Contracting: Implementing Dr. Ashton
Carter’s Better Buying Power
Mr. Ken Bousquet
Army Contracting Command – Warren
Mr. Greg Sill
Program Executive Office, Combat Support &
Combat Service Support
DISTRIBUTION STATEMENT A. Approved for public release; distribution is unlimited
• Dr. Ashton Carter, USD (AT&L) issued the Better Buying Power
Memorandum on 14 Sep 2010
• Five Major Areas:
Target Affordability and Control Cost Growth
Incentivize Productivity and Innovation in Industry
Promote Real Competition
Improve Tradecraft in Services Acquisition
Reduce Non-Productive Processes and Bureaucracy
• Mr. Frank Kendall, previously the Principal Deputy USD (AT&L), is
now the USD (AT&L)
He has reaffirmed the commitment to the BPP initiatives
“One thing we have tried hard to communicate is that our guidance is just
that – guidance.”
“The implementation of the BBP will not be without its challenges, and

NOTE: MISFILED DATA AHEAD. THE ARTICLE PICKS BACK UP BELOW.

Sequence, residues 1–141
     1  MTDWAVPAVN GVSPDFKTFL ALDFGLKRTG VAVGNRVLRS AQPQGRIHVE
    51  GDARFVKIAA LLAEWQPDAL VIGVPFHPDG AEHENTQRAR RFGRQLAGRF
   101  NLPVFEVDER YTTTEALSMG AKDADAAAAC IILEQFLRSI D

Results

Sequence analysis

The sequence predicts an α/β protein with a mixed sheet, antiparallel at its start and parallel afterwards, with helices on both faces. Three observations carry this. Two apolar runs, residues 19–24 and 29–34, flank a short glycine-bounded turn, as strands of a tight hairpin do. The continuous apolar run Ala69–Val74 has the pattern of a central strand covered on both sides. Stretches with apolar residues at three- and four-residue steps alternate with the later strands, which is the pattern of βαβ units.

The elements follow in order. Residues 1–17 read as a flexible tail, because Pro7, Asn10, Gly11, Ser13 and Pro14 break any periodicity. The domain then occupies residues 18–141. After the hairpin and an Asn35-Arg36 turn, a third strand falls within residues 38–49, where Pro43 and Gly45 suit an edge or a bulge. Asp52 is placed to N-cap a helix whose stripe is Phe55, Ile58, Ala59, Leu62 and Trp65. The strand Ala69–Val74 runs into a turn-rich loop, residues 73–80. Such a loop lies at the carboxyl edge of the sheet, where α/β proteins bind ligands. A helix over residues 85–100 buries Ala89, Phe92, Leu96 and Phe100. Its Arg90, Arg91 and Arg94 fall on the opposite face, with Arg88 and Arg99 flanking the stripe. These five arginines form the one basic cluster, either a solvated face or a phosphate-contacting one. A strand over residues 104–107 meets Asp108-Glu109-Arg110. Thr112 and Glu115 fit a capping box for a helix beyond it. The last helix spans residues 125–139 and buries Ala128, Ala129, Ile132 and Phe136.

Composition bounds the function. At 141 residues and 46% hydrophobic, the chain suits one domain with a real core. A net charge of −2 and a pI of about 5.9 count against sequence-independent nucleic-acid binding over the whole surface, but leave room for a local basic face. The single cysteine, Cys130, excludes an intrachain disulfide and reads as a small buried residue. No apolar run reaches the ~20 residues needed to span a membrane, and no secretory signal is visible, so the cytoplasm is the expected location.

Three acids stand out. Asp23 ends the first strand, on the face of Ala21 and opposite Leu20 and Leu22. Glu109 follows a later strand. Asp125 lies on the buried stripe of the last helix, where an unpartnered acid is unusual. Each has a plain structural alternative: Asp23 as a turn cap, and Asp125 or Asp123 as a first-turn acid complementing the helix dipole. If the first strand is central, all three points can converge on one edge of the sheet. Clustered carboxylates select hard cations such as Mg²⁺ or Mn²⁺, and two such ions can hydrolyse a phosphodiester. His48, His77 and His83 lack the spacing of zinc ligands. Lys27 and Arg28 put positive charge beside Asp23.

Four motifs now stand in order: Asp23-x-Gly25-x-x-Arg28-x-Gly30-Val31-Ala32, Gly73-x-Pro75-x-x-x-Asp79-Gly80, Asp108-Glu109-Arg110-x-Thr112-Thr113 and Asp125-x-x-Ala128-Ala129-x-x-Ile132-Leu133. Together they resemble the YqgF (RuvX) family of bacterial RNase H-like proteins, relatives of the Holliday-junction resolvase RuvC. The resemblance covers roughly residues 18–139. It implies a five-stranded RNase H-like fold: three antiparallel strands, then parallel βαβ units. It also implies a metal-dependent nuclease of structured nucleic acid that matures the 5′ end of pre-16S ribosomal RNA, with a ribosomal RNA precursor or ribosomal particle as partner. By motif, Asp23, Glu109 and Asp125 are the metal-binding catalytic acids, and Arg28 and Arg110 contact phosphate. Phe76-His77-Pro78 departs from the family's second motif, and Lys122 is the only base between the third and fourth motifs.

one of the biggest challenges is communicating our intent effectively so
that the workforce understands how to react to the guidance.”
27 October 2011 UNCLASSIFIED 2
• Deliver the warfighting capability we need for the dollars we have
• Get better buying power for warfighter and taxpayer
• Restore affordability to defense goods and services
• Improve defense industry productivity
• Remove government impediments to leanness
• Avoid program turbulence
• Maintain a vibrant and financially healthy defense industry
Obtain 2-3% net annual growth in warfighting capabilities without
commensurate budget increase by identifying and eliminating
unproductive or low-value-added overhead and transfer savings to
warfighting capabilities. Do more without more.
What the Initiatives are NOT!
• The objective of BBP is NOT to reduce contractor profits to
make programs more affordable.
• FPIF contracts are NOT the only acceptable contracting
• A new affordability Key Performance Parameter (KPP) will
NOT be mandated on all programs, but affordability
constraints will be imposed by CAEs and USD (AT&L).